Cups or beakers
Scale or Triple Beam Balance
Distilled (deionized water) - approximately 9 liters for a class, they will use a lot of this!
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Prepare 2,000 mL of 1.0 M sucrose. Use this 1.0 M stock solution to make 1,000 mL dilutions (0.2, 0.4, 0.6, and 0.8 M). The quantities are sufficient for 24 students and can be adjusted for smaller classes. You can order laboratory grade sucrose or just use table sugar. (Table sugar is much cheaper!)
1.0 M: 684.6 g sucrose/2000 mL d-H20
0.8 M: 800 mL of 1.0 M to 200 mL d-H2O
0.6 M: 600 mL of 1.0 M to 400 mL d-H2O
0.4 M: 400 mL of 1.0 M to 600 mL d-H2O
0.2 M: 200 mL of 1.0 M to 800 mL d-H2O
To 1 Liter of Water add:
.2 M Solution = 68 grams
.4 M solution = 137 grams
.6 M solution = 205 grams
.8 M solution = 274 grams
1.0 M solution = 342 grams
*You absolutely must use deionized water for this experiment to work. Tap water contains unknown amounts of solutes. You can obtain DI water from chemistry labs. Try contacting local colleges if your school doesn't have the capability to make DI water. You can also order from amazon, but that is a really expensive way to get DI water and you will need a lot of it. I have found DI water in supermarkets before, usually labeled "distilled."
The dialysis tubes do not need to be exactly the same, as the main measurement is % change in mass. Advise students to tie the string very tight. Data will be unreliable if the bags leak. I also suggest that they leave some room in the bag. Osmosis will cause the bags to GAIN water, and they should have a greater mass at the end of the 20 minutes. My class periods are 50 minutes long, so 20-30 minutes is usually the longest we can keep them soaking. Leaving them overnight does not work well, I think because the bags do start to leak.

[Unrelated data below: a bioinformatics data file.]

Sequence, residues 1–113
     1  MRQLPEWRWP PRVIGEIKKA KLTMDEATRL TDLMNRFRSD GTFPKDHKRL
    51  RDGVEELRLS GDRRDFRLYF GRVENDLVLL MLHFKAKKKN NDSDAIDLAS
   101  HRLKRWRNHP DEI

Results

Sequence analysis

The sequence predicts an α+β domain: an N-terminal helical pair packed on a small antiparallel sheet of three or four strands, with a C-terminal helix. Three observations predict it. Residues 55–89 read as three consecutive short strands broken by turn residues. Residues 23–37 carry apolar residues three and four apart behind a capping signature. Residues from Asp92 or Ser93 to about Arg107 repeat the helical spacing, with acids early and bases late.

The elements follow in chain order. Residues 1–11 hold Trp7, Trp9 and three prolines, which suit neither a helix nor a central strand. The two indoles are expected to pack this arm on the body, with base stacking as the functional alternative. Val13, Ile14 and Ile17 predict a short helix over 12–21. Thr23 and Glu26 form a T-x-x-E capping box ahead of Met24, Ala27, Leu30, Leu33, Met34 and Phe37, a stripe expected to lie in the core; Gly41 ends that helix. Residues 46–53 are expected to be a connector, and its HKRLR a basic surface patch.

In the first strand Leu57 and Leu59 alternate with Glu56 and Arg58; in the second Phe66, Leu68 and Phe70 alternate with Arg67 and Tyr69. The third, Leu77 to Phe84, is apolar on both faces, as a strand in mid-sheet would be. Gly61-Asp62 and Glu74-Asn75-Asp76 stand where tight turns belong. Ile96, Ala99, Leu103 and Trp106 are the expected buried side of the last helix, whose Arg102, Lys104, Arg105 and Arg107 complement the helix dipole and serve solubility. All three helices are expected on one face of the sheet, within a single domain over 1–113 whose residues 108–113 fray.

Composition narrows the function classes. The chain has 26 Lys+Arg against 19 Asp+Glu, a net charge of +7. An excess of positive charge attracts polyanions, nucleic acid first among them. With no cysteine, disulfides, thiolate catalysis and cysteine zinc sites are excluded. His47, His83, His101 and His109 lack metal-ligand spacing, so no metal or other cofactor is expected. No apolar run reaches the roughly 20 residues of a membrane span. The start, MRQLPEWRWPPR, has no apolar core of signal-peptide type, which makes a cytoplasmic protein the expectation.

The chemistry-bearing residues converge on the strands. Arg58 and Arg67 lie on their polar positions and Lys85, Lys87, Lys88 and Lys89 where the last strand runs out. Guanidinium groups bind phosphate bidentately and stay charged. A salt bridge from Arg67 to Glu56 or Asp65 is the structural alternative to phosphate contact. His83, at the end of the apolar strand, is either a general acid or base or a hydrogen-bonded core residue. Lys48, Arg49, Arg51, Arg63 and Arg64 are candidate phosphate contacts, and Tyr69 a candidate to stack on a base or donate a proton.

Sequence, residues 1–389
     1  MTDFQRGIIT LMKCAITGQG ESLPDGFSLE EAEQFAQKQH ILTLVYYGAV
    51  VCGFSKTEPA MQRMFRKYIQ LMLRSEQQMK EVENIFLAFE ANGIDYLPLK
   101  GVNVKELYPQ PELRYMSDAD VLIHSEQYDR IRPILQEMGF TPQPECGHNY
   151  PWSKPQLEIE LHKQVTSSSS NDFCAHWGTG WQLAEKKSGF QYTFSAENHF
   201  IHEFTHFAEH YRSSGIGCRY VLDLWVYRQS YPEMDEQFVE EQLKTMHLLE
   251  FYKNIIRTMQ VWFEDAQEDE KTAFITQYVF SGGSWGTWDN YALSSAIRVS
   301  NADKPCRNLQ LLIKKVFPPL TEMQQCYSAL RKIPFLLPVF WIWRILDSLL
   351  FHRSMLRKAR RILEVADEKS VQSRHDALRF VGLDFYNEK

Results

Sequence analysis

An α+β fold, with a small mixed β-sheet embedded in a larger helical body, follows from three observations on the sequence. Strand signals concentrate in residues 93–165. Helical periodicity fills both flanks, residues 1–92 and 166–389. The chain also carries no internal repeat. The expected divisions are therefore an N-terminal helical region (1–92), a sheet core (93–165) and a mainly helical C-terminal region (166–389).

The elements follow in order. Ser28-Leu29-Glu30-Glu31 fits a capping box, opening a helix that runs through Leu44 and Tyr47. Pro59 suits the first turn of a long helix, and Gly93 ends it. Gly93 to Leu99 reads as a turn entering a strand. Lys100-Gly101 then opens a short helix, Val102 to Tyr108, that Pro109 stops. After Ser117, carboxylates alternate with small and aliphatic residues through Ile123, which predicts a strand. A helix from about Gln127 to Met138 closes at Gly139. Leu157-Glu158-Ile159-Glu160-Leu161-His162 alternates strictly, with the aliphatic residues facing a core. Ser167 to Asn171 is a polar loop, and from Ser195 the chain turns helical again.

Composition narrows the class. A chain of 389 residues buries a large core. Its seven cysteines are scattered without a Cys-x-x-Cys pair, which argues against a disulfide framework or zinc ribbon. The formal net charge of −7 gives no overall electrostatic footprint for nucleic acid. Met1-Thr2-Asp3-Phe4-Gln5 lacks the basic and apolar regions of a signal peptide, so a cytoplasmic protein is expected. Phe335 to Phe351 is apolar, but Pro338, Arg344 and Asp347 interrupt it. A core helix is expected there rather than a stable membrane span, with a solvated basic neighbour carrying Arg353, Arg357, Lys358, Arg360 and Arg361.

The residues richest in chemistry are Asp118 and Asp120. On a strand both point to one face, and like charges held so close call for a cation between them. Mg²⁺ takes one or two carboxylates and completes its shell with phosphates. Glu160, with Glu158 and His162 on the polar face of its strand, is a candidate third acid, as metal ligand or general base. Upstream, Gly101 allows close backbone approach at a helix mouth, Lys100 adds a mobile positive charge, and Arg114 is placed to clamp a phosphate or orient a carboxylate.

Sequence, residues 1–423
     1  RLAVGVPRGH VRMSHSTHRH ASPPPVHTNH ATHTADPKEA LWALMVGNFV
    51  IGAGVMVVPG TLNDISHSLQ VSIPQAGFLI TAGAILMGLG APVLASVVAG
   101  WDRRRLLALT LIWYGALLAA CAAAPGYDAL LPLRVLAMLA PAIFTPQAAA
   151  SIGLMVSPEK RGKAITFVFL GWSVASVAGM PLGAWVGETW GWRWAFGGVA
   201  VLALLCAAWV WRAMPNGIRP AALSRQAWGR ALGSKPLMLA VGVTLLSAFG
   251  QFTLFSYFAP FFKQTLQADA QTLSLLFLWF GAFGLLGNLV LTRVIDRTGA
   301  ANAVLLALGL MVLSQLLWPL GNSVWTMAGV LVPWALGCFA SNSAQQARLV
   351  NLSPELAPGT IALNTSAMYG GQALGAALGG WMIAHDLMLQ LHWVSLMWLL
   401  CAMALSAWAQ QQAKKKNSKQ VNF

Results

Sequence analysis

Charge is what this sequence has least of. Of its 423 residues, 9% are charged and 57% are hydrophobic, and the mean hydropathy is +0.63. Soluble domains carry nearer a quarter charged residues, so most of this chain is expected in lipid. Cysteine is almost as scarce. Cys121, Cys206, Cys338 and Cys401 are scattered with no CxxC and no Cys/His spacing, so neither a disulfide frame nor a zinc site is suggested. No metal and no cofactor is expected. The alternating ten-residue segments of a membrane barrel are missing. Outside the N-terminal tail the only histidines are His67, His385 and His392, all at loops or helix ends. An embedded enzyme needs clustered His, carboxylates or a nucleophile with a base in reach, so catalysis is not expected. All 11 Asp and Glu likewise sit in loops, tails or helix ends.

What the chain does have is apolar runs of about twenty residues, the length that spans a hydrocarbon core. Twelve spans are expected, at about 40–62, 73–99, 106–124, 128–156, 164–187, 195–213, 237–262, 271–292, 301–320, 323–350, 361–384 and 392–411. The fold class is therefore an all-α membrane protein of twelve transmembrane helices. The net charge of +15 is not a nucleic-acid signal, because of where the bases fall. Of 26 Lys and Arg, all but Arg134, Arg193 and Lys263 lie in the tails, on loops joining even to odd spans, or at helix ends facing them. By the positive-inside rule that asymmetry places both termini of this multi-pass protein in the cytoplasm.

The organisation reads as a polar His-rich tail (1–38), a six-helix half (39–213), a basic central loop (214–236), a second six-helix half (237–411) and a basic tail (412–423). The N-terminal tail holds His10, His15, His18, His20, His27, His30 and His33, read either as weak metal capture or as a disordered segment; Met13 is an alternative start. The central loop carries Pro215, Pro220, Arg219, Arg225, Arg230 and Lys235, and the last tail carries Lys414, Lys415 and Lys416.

You can use food coloring in the solutions to make things more "exciting." The food coloring is also a good way to keep track of unknowns if you choose to do the extension experiment.
The beakers contain distilled water. Make sure students keep track of which tube went into each beaker. This lab requires a lot of beakers, it is perfectly fine to substitute with plastic cups and that also has the advantage of being able to write directly on the cup.
Be sure to watch students closely at the beginning. I've noticed that some of them, after setting up the tubes will forget to weigh them before dropping them into the solution.
|Contents in Bag||Initial Mass||Final Mass||Mass Difference||% Change in Mass||Average|
|0.2 M||Generally, the masses will go up in all of the tubes except for the distilled water tube. If this is not observed, it may be a good time to talk to students about errors. Once common problem is that the tubes leak.|
EXERCISE 2 - Determining the Water Potential of Potato Cells
Cutting potatoes can be done with a cork borer or with a french fry cutter.
|Contents in Bag||Initial Mass||Final Mass||Mass Difference||%Change in Mass||Average|
|0.2 M||Answers will vary depending, the graph must be constructed to determine the molar concentration of the potato cores.|
Data from 2015 - Students shared results on the board. I no longer have students graph the class average. The numbers are usually all over the place (hey, maybe a good time to refer back to the concept of STANDARD DEVIATION) because some of the bags lost mass.
11. Design an Experiment: If you are given a solution of sucrose that has an unknown molarity (.2, .6, .8, 1.0), how could you use potatoes, distilled water, or other known solutions to determine the molarity of your unknown.
Color code the solutions you made in part 1 with food coloring and remove their labels. Place them into test tubes and challenge students to devise a method to determine the molarity of each tube. There are several ways students could figure this one out, challenge them to work together on a solution and don't give them too many clues!